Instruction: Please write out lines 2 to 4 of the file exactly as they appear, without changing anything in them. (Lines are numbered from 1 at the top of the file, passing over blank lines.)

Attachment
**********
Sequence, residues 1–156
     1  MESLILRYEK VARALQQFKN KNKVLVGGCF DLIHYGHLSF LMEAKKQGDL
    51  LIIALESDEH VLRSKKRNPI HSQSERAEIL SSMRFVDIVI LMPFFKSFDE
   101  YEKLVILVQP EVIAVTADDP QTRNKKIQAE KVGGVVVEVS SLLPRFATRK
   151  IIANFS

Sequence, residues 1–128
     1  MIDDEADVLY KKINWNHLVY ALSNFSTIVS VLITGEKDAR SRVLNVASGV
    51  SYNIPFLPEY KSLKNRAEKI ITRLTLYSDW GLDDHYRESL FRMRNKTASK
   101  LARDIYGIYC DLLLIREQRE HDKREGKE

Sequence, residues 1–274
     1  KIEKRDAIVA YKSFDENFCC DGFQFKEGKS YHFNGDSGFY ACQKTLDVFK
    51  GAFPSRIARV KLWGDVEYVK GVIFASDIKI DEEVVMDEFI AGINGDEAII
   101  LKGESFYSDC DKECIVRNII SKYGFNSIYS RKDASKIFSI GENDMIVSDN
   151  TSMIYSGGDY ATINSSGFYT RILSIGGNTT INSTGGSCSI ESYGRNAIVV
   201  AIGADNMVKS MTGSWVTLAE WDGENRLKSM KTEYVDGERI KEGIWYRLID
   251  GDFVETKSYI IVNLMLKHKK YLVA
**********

     1  MESLILRYEK VARALQQFKN KNKVLVGGCF DLIHYGHLSF LMEAKKQGDL
    51  LIIALESDEH VLRSKKRNPI HSQSERAEIL SSMRFVDIVI LMPFFKSFDE
   101  YEKLVILVQP EVIAVTADDP QTRNKKIQAE KVGGVVVEVS SLLPRFATRK